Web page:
I have not written for this blog in the past year because I was busy being a newlywed. That silence ends today with a post that doesn’t talk about gluten. It talks about something even more sickening.
This post sprouted from a conversation I followed on Facebook. The conversation was started by a beautiful woman I had the privilege of learning from when she was a student at the university that employed me (and also is our alma mater). I still learn from her, ten years later, as she challenges white people me to understand and confront our own racism and its crippling, killing effect on her and all people of color.
She said she doesn’t trust white people. A large number of her friends admitted their distrust, too, a distrust we white people have earned with our mercurial support for civil rights and equal rights. We show up when it suits us, and when we show up, we twist the whole thing to suit us. We want “credit” for supporting Black Lives Matter with our signs and bumper stickers but where were we in the demonstrations and marches against racist police brutality? We marched en masse for women but our pussy hats all were pink (didja think about the colors of women of color down there?)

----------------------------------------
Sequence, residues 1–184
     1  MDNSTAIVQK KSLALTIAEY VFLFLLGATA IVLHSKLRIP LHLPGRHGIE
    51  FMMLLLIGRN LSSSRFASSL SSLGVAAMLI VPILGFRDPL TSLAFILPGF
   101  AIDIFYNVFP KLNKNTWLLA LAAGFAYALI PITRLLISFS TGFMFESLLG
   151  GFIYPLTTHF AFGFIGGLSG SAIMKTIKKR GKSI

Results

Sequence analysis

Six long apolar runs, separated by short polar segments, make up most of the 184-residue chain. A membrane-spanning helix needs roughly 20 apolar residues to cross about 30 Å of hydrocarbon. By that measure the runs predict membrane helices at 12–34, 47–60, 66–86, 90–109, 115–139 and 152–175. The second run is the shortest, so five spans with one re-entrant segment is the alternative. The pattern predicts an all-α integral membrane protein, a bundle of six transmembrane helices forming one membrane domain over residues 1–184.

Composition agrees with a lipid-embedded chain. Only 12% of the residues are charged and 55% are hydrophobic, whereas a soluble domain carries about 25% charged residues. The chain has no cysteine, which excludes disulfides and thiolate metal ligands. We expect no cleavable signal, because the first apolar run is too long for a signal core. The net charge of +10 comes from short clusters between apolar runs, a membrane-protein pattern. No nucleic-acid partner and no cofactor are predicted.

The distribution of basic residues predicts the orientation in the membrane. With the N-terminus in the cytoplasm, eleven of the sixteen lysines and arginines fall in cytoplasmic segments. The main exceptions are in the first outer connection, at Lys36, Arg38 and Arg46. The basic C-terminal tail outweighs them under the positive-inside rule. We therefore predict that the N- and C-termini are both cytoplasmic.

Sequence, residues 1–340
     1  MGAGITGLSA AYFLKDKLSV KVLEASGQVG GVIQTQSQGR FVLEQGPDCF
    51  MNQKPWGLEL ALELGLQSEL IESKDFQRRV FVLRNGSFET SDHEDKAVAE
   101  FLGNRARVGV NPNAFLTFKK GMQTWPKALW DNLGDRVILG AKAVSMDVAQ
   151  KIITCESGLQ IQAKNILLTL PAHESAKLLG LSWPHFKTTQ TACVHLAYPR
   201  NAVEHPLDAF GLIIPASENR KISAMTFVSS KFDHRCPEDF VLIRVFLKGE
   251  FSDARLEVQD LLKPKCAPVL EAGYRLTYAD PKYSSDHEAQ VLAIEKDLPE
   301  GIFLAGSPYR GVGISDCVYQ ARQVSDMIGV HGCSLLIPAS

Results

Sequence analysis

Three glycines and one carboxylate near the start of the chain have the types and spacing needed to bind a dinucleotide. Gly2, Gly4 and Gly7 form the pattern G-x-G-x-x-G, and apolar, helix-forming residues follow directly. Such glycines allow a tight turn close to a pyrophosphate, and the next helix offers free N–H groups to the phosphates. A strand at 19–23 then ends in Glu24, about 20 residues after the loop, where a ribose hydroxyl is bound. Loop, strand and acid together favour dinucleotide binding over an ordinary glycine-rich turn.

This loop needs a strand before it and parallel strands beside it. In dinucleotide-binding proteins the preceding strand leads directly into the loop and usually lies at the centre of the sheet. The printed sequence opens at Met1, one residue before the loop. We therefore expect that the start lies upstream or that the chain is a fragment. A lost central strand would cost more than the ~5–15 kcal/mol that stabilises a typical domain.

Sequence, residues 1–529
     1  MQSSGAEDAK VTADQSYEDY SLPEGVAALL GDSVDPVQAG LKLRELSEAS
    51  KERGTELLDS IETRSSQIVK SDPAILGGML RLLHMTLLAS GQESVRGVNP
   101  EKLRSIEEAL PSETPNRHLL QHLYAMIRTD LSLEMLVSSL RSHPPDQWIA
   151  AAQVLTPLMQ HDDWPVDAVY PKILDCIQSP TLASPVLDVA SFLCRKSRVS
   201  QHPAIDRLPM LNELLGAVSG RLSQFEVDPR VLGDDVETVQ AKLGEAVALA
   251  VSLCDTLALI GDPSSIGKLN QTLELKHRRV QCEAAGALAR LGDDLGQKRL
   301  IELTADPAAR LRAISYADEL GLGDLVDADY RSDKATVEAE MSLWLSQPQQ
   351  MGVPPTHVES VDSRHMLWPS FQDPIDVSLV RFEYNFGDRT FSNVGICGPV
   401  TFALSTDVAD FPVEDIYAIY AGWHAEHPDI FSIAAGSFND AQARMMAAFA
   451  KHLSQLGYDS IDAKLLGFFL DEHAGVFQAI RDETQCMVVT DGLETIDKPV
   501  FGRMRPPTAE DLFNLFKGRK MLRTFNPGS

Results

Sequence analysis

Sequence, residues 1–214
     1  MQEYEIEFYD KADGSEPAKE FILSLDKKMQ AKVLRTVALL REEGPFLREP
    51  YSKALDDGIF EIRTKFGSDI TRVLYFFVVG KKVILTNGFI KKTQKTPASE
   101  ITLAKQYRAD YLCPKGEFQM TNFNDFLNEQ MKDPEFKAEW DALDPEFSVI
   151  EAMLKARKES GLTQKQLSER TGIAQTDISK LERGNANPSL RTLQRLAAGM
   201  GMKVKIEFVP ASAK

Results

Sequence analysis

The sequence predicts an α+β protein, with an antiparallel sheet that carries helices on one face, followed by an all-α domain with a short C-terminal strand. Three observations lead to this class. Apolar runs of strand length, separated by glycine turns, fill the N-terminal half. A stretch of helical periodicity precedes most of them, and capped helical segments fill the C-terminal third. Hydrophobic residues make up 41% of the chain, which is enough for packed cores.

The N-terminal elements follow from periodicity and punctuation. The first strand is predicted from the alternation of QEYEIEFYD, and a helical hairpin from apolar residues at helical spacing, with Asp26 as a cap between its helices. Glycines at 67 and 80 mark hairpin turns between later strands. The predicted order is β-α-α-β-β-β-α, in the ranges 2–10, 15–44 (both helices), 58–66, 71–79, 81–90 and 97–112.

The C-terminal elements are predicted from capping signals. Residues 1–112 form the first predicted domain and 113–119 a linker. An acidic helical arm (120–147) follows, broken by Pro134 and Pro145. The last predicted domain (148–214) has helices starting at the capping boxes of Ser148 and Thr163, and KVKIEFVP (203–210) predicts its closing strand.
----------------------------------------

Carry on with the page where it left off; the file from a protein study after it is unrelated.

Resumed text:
Continue reading Complicit in Oppression: What I, a White Person, Must Do to Stop It
This year I served as president of my neighborhood association. I live in a small townhouse enclave, a place where people were so offended by the county’s pilot once-a-week trash pickup program, they protested by leaving in the street for days the heavy-duty 40-gallon rolling trash cans the county gave everyone as thanks for being part of the pilot. This is the same place where people regularly violate the legal covenants about parking and property upkeep, complain about and report their neighbors’ violations, and then refuse to pay the fines for violating the covenants themselves.
I didn’t start the year on the board. In fact, I declined a nomination at the annual meeting last November. When the president quit the thankless position this past April, I agreed to join the board after a hard press from two members. Our first order of business was the county trash pilot program, for which we were blamed despite everyone receiving from the county informational packets explaining what/when/why/who/where. The second board president quit at the end of July, along with two other board members and the remaining two board members pushed me to assume the presidency. I reluctantly agreed. Continue reading Ten Lessons Sans Carols: #9 The Gift That Keeps On Giving–No